SERP with john travolta screen shot

Will Google’s New Four Ad Scheme Push Out Smaller Advertisers?

If you work in digital marketing and you haven’t heard about how Google is beginning to remove paid ads from the right sidebar on search results pages, I would like to welcome you back from what I assume must have been a wonderful vacation on a private island with no access to modern technology.

There is a lot to know about what’s happening, who could be affected, and what can be done to deal with this new change. Anyone who is advertising via AdWords is going to be affected in some way, and so we reached out to some PPC experts to get their take on why Google is making this change, who the change will affect, and what can be done to deal with whatever happens.

Let’s take a look at the current state of text ads in search results, and the direction that we’re headed in.

Why is Google removing text ads from the right-hand side of SERPs?

Google has begun phasing out text ads in the right-hand side of search results. According to Dr. Peter J Meyers over at Moz, Google has been testing four ads on top for a few months, but in the last couple of weeks, they’ve stepped it up. Right-hand ads have dropped to almost nonexistent, while ads at the bottom or organic results are showing up much more frequently – about half the time, according to that Moz article.

The question is, why?

You’d be about as likely to get the answer out of Google as you would to leave work and get home in a self-driving car tonight. But we do have some clues as to why they’d make this change.

First, Google is as aware as we are that ads in the right rail get very little attention. Some estimates say that the right rail accounts for about 15% of all paid clicks. I talked to PPC pro Melissa Mackey yesterday who reminded me that there are eye tracking studies that go back as far as 2014 that show how the vast majority of a SERP visitor’s attention is focused on the left side of the page. And Melissa doesn’t think any of us should be surprised by this change. She says:

Google has always tested different ad positions and formats, and in fact were testing 4 ads above the organic listings and no ads in the right rail for several months. We can therefore assume that their testing showed higher eCPM for the new layout.

If searchers aren’t interacting with an area of a page, the obvious solution for Google is to just get rid of it, said EliteSEM Manager of Client Strategy Aaron Levy when I spoke with him. He notes low CTR as a primary reason for ditching the right rail. Aaron says:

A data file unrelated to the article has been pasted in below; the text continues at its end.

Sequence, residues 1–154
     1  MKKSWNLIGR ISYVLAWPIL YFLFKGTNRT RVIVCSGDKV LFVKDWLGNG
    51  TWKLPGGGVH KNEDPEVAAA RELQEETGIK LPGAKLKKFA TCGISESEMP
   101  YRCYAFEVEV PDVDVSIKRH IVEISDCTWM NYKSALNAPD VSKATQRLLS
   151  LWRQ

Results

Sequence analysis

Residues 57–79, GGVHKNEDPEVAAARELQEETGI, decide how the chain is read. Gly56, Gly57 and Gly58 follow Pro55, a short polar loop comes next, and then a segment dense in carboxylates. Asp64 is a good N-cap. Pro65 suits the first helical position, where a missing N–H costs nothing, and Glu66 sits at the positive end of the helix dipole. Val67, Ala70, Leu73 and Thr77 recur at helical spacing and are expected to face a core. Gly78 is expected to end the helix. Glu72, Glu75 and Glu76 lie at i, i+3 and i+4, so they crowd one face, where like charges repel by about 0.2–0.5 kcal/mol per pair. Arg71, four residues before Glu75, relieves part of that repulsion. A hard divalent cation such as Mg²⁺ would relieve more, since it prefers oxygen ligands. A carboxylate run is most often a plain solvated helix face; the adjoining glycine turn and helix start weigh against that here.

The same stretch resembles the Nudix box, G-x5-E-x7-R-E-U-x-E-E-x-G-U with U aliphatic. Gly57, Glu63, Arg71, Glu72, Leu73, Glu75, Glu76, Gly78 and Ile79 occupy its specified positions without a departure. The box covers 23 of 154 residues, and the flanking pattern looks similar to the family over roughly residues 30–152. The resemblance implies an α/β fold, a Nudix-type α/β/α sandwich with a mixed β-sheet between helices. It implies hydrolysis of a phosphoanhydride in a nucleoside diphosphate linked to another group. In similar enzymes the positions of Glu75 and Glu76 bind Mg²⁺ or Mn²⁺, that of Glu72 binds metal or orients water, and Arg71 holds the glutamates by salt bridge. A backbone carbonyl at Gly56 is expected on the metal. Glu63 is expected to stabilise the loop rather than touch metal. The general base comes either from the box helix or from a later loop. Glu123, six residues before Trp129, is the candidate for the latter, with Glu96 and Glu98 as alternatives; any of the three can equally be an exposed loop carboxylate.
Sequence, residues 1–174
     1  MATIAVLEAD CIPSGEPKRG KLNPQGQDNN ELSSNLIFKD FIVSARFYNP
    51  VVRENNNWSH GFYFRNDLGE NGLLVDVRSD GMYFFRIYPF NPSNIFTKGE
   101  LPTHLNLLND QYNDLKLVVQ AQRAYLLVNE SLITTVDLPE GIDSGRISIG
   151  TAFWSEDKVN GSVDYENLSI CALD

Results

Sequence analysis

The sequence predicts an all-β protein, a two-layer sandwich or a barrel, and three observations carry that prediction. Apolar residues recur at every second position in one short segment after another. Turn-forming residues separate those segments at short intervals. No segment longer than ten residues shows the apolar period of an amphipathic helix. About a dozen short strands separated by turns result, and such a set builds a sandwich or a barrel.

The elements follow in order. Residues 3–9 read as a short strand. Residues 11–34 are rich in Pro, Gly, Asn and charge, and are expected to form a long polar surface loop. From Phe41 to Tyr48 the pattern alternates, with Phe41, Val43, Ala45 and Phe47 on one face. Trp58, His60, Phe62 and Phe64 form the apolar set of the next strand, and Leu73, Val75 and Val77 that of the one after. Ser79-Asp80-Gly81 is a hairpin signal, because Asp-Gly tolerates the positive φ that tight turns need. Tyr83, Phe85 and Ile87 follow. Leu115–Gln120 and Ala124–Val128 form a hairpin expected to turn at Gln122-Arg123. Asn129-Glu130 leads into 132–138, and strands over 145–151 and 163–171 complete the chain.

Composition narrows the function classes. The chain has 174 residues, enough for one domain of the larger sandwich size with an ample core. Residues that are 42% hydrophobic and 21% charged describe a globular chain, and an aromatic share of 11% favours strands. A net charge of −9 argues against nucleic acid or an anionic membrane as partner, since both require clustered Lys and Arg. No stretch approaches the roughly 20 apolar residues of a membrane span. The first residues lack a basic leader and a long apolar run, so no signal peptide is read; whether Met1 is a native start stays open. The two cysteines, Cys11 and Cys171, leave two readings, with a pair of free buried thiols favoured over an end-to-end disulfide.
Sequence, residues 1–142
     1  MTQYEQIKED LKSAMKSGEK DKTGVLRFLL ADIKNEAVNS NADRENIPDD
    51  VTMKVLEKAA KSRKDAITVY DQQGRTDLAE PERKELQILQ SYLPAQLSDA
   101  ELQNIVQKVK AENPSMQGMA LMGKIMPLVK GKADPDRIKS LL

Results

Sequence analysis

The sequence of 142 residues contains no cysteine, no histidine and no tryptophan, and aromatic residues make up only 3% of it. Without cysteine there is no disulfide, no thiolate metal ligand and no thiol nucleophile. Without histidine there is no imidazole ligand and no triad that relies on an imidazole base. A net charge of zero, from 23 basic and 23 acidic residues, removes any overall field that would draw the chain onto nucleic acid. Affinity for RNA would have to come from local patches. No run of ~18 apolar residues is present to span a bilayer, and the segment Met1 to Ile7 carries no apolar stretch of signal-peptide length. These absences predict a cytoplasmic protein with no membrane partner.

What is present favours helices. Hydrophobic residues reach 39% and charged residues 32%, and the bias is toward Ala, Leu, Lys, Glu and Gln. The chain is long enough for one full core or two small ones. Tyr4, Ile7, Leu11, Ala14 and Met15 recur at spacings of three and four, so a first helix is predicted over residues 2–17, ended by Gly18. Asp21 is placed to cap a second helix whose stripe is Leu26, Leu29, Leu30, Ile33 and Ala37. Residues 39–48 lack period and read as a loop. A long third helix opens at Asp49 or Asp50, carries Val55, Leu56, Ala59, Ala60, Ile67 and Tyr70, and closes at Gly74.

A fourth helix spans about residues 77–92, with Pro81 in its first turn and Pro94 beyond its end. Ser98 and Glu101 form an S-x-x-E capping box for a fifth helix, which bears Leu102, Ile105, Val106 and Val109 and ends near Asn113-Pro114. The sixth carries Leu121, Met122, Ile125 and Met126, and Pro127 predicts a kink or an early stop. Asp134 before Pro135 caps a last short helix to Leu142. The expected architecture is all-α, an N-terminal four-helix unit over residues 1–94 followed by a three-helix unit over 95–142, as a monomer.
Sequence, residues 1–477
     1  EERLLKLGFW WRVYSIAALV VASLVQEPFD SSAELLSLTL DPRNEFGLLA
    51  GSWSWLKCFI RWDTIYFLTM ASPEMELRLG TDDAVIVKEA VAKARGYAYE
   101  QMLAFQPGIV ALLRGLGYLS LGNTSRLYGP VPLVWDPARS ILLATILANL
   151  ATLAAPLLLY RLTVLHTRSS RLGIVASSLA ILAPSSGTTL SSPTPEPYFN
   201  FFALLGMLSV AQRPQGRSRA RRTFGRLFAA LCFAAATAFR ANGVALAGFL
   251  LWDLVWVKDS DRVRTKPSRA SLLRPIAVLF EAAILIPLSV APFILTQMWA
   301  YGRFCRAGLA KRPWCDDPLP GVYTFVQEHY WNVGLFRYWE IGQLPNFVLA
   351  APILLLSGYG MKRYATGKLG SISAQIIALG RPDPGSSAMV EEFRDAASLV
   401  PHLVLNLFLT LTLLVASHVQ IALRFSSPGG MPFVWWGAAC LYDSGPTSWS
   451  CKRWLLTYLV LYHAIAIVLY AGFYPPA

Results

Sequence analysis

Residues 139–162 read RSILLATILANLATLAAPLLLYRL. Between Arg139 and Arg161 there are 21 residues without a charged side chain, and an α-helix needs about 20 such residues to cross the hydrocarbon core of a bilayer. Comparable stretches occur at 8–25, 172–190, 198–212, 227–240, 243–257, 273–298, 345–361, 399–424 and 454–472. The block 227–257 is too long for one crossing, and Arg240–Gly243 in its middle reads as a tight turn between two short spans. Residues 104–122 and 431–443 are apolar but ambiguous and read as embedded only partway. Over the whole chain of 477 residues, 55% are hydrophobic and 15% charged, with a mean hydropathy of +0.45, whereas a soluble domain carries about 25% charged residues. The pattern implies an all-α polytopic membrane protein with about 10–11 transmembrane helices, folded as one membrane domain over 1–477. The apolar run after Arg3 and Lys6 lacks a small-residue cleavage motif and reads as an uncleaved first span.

Contrary to what folks might think, Google made this change with users in mind and not just money. Users weren’t seeing or reacting to the ads along the right rail, so may as well remove them or replace them with something else.

The general consensus is that the change is about usability and providing better experiences. And a lot of that has to do with presentation. We’re getting more and more used to a “feed” experience, like the kind you see on Facebook or Twitter for example. Anyone who uses Facebook ads knows that, while ads displayed on the right hand side have a notoriously low CTR (in the 0.02% range), ads in users’ feeds often garner a higher than 1% click through rate.

“The move to the feed model is more and more about embedding results in feeds,” Sebastien Provencher, Acquisio’s VP Product told me during a quick chat. And he also wonders whether or not we might, some day, start to see advertising bunched into organic results at some point. “If you follow the logic to the extreme,” he says, “it’s very likely that they could start testing this at some point.”

There are a lot of possibilities ahead of us, but for now this will be enough of a change for advertisers to deal with. The reason for the change is really about Google wanting to increase profit SERP real estate, according to Acquisio’s Chief Scientist, Bryan Minor. And it’s really about how that real estate is changing that is going to be interesting to watch.

The expanding role of shopping ads in search

Ads in the right rail are not disappearing altogether – it’s the text ads that are disappearing. You’ll still get those Knowledge Graph results when you search for Celine Dion, and you’ll still get product listings when you need to buy shoes without leaving the house.


Product ads are mostly used by big brands, and so it will be interesting to watch and see whether or not the competition for those spots will start to become more intense.

But it may not actually achieve the goal of providing a better experience for users, as much as it will provide Google with more chances to take advantage of that revenue stream.

Bryan Minor says that “this guessing which products you are really looking for with active shopping machine learning” could have real and lasting implications on the quality of other SERP content, especially organic ads.

Seb Provencher sees it as Google looking to compound the interest in shopping ads by giving them more real estate and more whitespace around the ads for greater visibility. “It beefs up Google’s whole shopping ecosystem, and they’re definitely going to be looking to get more advertisers involved.”